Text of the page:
Hydrology of paraglacial catchments in a changing climate: impacts on biodiversity hotspots

Grocott, Michael (2016). Hydrology of paraglacial catchments in a changing climate: impacts on biodiversity hotspots. University of Birmingham. Ph.D.

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Groundwater (GW) -fed streams are a common feature of paraglacial floodplains and are regarded as ‘biodiversity hotspots’, due to their role as valuable aquatic habitats. The hydrological dynamics which support GW-fed streams remain poorly understood. There is a need to improve understanding given paraglacial environments are extremely sensitive to the impacts of climate change. To address this significant knowledge gap site specific research was conducted on GW-fed streams within Denali National Park & Preserve, Alaska, during 2013 and 2014. Hydrometric, hydrochemical, hydrogeomorphic, and geophysical techniques were utilised to improve understanding of the hydrological dynamics and hydrogeomorphic controls that influence GW-fed stream occurrence. Paleochannels across paraglacial floodplains were identified as important preferential flow pathways (PFPs); and a first-order control upon GW-fed streams. In addition hillslope-runoff was established as an important hydrological flux to GW-fed streams. Colluvial deposits (e.g. talus cones) were highlighted as valuable hydrological stores on valleys-sides that made a direct contribution to streamflow. This research has raised concerns about the long-term stability of GW-fed streams in paraglacial environments due to changes in hydrogeomorphic controls (PFPs). It has also raised more immediate concerns about the short- to medium-term implications of shifting hydrologic regimes (e.g. declining winter snowpack) for GW-fed streams.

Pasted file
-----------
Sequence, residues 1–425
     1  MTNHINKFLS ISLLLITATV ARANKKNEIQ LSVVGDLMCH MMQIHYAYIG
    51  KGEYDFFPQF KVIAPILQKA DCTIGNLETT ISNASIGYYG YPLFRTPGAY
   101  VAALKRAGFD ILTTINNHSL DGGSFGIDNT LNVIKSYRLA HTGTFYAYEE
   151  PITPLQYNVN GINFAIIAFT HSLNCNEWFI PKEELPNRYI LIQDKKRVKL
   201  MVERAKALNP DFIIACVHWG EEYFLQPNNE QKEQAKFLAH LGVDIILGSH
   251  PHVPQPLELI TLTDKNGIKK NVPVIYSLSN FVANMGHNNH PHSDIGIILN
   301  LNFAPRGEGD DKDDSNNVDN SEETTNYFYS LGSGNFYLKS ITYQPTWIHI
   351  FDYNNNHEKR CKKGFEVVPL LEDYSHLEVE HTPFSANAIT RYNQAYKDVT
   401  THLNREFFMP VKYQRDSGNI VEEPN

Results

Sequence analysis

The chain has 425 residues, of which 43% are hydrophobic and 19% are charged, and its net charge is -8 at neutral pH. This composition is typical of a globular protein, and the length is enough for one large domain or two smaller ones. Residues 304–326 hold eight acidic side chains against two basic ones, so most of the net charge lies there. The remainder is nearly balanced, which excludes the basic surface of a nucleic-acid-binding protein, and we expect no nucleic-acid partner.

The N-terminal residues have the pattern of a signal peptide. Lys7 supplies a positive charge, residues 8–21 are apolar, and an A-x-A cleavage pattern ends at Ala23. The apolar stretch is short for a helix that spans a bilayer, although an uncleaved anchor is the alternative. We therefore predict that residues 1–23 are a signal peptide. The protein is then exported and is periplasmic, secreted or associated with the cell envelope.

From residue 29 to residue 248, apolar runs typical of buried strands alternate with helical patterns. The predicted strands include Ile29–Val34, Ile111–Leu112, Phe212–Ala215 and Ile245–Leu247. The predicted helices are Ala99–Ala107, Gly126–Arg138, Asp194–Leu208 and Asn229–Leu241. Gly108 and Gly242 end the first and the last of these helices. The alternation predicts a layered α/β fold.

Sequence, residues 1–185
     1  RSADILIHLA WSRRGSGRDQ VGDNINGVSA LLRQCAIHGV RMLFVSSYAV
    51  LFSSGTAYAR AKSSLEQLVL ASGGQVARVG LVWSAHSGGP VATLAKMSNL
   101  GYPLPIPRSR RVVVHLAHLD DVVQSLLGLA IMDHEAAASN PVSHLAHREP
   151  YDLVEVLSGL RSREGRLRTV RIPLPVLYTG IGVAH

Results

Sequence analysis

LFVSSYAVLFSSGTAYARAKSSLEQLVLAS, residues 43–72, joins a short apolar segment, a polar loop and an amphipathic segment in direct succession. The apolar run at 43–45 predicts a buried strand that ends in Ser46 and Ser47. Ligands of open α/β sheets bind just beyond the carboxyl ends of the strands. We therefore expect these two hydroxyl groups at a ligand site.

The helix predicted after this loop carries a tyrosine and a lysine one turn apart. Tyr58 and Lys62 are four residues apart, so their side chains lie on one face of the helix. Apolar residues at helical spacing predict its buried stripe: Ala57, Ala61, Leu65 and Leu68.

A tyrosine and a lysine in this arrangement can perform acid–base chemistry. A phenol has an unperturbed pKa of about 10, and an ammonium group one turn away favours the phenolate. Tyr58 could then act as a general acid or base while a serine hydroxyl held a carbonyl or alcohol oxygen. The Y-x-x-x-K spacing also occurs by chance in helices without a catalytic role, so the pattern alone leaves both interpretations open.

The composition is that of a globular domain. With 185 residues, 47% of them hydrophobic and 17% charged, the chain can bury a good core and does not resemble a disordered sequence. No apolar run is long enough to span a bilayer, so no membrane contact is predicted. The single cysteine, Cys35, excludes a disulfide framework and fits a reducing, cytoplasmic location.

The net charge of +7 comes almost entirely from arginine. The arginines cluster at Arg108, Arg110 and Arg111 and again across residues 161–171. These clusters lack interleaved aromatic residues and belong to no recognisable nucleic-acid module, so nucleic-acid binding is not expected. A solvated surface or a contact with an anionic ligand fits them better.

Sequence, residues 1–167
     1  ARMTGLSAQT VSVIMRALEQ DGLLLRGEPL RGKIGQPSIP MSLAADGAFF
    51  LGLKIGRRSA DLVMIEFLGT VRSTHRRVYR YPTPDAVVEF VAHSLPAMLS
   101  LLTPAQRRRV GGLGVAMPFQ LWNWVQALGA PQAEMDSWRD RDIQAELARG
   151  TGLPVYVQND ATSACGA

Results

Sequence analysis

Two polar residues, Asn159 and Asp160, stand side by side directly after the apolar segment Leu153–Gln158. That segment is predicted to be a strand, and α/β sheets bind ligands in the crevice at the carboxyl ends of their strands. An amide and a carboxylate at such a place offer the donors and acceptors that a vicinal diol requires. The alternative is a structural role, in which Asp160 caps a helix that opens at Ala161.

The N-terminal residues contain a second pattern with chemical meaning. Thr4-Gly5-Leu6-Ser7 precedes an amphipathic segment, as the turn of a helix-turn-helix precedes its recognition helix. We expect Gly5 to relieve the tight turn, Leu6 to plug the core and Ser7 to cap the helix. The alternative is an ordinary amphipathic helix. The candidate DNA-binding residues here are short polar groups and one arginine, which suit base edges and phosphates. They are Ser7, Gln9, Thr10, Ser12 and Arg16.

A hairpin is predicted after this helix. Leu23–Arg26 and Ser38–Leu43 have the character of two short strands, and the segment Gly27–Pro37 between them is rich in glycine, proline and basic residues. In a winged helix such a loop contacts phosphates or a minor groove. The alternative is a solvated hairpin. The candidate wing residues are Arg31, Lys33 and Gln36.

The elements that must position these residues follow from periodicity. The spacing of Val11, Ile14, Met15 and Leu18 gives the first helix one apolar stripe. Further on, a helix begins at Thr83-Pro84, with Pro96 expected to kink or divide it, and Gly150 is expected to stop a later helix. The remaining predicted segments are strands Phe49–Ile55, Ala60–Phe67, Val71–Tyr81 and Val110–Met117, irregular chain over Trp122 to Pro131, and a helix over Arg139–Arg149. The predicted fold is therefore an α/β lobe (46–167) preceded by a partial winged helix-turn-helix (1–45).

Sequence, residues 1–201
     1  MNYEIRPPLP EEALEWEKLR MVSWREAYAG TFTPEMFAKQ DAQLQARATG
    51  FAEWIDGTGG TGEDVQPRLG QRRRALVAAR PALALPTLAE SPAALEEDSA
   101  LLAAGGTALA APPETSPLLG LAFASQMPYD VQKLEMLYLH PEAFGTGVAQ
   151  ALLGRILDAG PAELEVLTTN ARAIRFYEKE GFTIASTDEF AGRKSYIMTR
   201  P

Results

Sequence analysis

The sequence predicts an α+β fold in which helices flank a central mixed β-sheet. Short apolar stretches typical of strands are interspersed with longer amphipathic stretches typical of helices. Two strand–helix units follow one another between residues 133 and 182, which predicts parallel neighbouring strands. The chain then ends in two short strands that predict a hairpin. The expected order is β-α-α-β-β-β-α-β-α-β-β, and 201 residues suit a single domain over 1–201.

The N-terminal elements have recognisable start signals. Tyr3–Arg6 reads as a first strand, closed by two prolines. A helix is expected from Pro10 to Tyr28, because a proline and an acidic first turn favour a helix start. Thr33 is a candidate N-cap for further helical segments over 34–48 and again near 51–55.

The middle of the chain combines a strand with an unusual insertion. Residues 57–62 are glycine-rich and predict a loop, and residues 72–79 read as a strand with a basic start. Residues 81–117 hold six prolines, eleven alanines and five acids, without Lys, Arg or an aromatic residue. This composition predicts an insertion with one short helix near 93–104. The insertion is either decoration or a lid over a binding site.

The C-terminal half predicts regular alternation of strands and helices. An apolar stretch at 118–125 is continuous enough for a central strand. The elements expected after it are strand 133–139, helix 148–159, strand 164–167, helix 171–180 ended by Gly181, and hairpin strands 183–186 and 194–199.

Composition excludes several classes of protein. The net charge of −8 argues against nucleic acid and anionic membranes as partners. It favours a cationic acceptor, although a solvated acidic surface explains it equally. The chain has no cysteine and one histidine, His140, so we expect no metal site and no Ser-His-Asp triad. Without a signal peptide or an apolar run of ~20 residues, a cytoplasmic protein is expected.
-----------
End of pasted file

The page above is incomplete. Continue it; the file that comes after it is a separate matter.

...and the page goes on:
Type of Work: Thesis (Doctorates > Ph.D.)
Award Type: Doctorates > Ph.D.
College/Faculty: Colleges (2008 onwards) > College of Life & Environmental Sciences
School or Department: School of Geography, Earth and Environmental Sciences
Funders: Other
Other Funders: Arctic Institute of North America, Denali Education Center Alaska, The University of Birmingham
Subjects: G Geography. Anthropology. Recreation > GB Physical geography
G Geography. Anthropology. Recreation > GE Environmental Sciences
URI: http://etheses.bham.ac.uk/id/eprint/6978


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